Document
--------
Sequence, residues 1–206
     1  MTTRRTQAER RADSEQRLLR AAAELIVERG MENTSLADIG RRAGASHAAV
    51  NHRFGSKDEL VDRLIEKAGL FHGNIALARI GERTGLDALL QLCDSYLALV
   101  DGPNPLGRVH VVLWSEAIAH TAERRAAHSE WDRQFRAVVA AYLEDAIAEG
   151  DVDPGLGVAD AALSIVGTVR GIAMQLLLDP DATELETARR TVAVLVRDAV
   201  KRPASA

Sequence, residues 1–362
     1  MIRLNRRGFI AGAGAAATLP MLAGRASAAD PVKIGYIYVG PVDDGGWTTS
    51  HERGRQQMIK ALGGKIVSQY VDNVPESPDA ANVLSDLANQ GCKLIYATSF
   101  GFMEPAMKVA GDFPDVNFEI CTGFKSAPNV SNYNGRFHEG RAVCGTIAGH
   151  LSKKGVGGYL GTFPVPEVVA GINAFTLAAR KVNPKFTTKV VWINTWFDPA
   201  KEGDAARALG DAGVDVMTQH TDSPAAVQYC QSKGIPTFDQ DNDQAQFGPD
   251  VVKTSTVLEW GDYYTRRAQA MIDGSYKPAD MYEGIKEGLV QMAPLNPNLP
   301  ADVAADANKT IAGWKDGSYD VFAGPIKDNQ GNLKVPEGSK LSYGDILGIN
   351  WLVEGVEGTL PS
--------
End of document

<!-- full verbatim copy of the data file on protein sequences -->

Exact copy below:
Sequence, residues 1–206
     1  MTTRRTQAER RADSEQRLLR AAAELIVERG MENTSLADIG RRAGASHAAV
    51  NHRFGSKDEL VDRLIEKAGL FHGNIALARI GERTGLDALL QLCDSYLALV
   101  DGPNPLGRVH VVLWSEAIAH TAERRAAHSE WDRQFRAVVA AYLEDAIAEG
   151  DVDPGLGVAD AALSIVGTVR GIAMQLLLDP DATELETARR TVAVLVRDAV
   201  KRPASA

Sequence, residues 1–362
     1  MIRLNRRGFI AGAGAAATLP MLAGRASAAD PVKIGYIYVG PVDDGGWTTS
    51  HERGRQQMIK ALGGKIVSQY VDNVPESPDA ANVLSDLANQ GCKLIYATSF
   101  GFMEPAMKVA GDFPDVNFEI CTGFKSAPNV SNYNGRFHEG RAVCGTIAGH
   151  LSKKGVGGYL GTFPVPEVVA GINAFTLAAR KVNPKFTTKV VWINTWFDPA
   201  KEGDAARALG DAGVDVMTQH TDSPAAVQYC QSKGIPTFDQ DNDQAQFGPD
   251  VVKTSTVLEW GDYYTRRAQA MIDGSYKPAD MYEGIKEGLV QMAPLNPNLP
   301  ADVAADANKT IAGWKDGSYD VFAGPIKDNQ GNLKVPEGSK LSYGDILGIN
   351  WLVEGVEGTL PS